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Microbial keratitis: Prevention through proper contact lens hygiene.

December 28, 2011

Ankit Shah BS1, Harpreet S. Walia MD2, Son Ho MD3


1 University of South Florida College of Medicine, Tampa, FL
2 Emory Eye Center, Atlanta, GA
3 Tulane University Department of Ophthalmology, New Orleans, LA

The cornea is the clear front film of the eye responsible for focusing light so that images we see can project onto the retina, similar in function to the lens of a camera. Therefore, any injury to the surface of the cornea will block light from entering into the eye and cause permanent vision loss. One of the leading causes of corneal injury is a direct result of infections from bacteria, viruses, and fungi. The eye is capable of protecting the cornea from damage by constantly producing tears which help wash away the bacteria. . The tear film of the eye contains a layer of enzymes and proteins which bind, destroy, and prevent bacteria from entering the cornea. However, when the eye becomes irritated it may cause microscopic cuts in the cornea and provide an entry way for bacteria to infect the eye

It is estimated that every year approximately 25,000 incidents of bacterial keratitis are reported in the United States, a number even greater when viral and fungal causes are included. A large fraction of these cases originate from improper contact lens use and hygiene. Symptoms of microbial keratitis include redness, pain, blurry vision, and discharge from the eye. If untreated, it may result in permanent blindness. Patients who regularly wear contact lens suffer more commonly from irritated eyes and thus are more susceptible to corneal infection. This is either due to the contact lens drying the eyes, causing friction with the cornea, or from an adverse reaction to the contact lens solution.

The most effective way to reduce the incidence of contact lens induced keratitis is by preventing such infections from occurring in the first place. For instance, proper eye hygiene and contact lens care can drastically reduce the chance of infection. The following paragraphs discusses proper contact lens hygiene and provide general guidelines for contact lens wearers.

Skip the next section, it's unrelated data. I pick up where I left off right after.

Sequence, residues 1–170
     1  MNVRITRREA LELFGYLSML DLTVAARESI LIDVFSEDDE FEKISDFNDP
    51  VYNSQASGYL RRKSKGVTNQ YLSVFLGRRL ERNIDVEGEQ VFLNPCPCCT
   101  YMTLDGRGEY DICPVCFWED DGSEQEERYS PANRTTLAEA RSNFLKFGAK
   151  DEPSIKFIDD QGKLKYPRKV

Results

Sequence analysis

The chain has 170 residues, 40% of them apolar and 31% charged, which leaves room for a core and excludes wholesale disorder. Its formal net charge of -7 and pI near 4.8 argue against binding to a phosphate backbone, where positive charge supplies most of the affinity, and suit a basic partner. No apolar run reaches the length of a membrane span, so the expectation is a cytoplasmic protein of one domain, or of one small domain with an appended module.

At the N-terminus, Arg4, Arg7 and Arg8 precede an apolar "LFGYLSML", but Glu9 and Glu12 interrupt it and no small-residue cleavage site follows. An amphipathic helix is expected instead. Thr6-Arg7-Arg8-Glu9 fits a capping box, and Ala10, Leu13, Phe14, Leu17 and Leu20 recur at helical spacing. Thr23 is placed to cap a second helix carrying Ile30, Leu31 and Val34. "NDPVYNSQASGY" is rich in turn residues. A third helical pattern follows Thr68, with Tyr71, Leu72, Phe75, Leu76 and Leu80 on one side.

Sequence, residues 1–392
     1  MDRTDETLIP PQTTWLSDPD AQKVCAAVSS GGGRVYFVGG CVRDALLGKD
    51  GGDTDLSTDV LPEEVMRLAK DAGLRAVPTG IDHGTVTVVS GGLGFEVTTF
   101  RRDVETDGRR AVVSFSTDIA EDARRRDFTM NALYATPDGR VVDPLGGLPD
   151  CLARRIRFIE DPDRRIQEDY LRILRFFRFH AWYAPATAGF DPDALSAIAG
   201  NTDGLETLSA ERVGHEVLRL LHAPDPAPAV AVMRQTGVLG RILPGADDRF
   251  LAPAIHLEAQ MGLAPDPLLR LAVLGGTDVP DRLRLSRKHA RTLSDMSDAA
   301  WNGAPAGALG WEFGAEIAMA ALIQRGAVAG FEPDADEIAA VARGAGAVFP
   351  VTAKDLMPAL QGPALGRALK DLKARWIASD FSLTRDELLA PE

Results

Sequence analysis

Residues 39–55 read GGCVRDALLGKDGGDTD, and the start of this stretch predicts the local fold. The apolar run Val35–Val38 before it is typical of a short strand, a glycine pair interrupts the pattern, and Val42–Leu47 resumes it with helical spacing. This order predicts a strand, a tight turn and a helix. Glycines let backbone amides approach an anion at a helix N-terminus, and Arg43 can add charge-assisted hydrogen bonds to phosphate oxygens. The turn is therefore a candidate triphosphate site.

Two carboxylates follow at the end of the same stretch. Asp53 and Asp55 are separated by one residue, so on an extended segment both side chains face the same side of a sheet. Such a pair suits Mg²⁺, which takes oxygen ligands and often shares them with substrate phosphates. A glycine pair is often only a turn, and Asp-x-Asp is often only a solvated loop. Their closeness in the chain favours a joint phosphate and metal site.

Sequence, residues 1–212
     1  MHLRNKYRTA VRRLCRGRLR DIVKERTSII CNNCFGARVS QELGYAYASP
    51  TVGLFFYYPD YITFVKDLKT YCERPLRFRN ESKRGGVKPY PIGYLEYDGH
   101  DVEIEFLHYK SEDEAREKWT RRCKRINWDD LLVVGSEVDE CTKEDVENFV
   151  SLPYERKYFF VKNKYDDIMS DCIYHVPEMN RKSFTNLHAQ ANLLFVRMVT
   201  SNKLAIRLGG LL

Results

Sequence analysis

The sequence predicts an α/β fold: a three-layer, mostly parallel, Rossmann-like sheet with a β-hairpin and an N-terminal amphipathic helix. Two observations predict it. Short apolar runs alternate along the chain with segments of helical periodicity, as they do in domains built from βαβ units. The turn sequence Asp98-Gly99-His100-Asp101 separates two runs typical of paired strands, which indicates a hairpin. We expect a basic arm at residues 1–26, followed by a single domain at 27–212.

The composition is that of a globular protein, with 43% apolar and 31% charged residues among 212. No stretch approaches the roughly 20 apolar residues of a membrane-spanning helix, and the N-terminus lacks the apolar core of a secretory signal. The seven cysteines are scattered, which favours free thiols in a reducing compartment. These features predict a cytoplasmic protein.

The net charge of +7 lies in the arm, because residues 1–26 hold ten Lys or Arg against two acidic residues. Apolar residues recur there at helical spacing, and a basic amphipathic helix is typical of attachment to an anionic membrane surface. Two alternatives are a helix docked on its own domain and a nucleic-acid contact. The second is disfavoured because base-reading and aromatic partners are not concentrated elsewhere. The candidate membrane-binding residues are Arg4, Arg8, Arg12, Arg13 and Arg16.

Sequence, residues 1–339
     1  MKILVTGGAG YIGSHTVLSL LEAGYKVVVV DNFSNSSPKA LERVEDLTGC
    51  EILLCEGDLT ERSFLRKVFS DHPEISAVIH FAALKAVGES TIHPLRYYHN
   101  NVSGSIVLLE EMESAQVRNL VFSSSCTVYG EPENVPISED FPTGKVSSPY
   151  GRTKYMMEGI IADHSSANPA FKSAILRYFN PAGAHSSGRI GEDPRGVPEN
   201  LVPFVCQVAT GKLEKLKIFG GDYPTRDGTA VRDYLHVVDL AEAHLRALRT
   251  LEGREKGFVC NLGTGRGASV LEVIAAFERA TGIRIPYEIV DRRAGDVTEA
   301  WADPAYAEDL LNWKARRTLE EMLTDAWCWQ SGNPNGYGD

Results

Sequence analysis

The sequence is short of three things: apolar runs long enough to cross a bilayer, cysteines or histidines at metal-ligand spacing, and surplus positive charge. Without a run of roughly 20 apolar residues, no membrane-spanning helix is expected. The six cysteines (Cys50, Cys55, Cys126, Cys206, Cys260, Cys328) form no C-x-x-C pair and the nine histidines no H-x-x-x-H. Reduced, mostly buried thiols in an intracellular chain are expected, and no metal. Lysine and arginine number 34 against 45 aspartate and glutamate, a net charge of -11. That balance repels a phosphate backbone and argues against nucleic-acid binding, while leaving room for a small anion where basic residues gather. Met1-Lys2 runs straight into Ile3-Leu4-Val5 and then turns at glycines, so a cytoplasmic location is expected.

The most important precaution that contact lens wearers must take is to follow proper lens instructions given by their ophthalmologist or technician. This includes wearing and replacing contact lens strictly according to their schedules because prolonged use may cause further contamination. Furthermore, contact lens cases should be replaced every three months, and cleaned weekly by soaking in boiling water for ten minutes. Both the lens and the case are to be rinsed daily using appropriate cleaning solution. Water and home based cleaning solutions are not considered appropriate disinfectant solutions and should not be used to clean contact lens. It is important that patients understand to replace the contact solution in the cases each time the lens is cleaned. These measures help prevent bacterial from growing in the cases and the lens.

Patient who begin to wear contact lens for the first time should be comfortable with inserting and removing them prior to leaving clinic. An important facet of contact lens hygiene involves washing hands thoroughly with soap and water prior to any contact with the lens. It is extremely important for lens wearers to avoid wearing contact lens overnight or while swimming because this makes contact lens removal difficult. Patients should also be proactive in discussing with the physician signs and symptoms to recognize early when suspecting a developing corneal infection. In cases where the eye does become red, or if pain and discomfort is felt in, the patient should remove the contact lens immediately and contact an ophthalmologist.

The intent of this article is to educate patients about general accepted guidelines for proper contact lens hygiene in hopes to reduce the incidence of microbial keratitis.

References

1. Preferred Practice Patterns, Bacterial Keratitis. American Academy of Ophthalmology

2. Hickson-Curran S, Chalmers RL, Riley C. Patient attitudes and behavior regarding hygiene and replacement of soft contact lenses and storage cases. Cont Lens Anterior Eye. 2011 Octl34(5):2015

3. Robertson DM, Cavanagh HD. Non-compliance with contact lens wear and care practices: acomparative analysis. Optom Vis Sci. 2011 Dec; 88(12): 1402-8

4. Wu YT, Tend YJ, Nicholas M, et al. Impact of lens case hygiene guidelines on contact lens case contamination. Optom Vis Sci. 2011 Oct;88(10):E1180-7.

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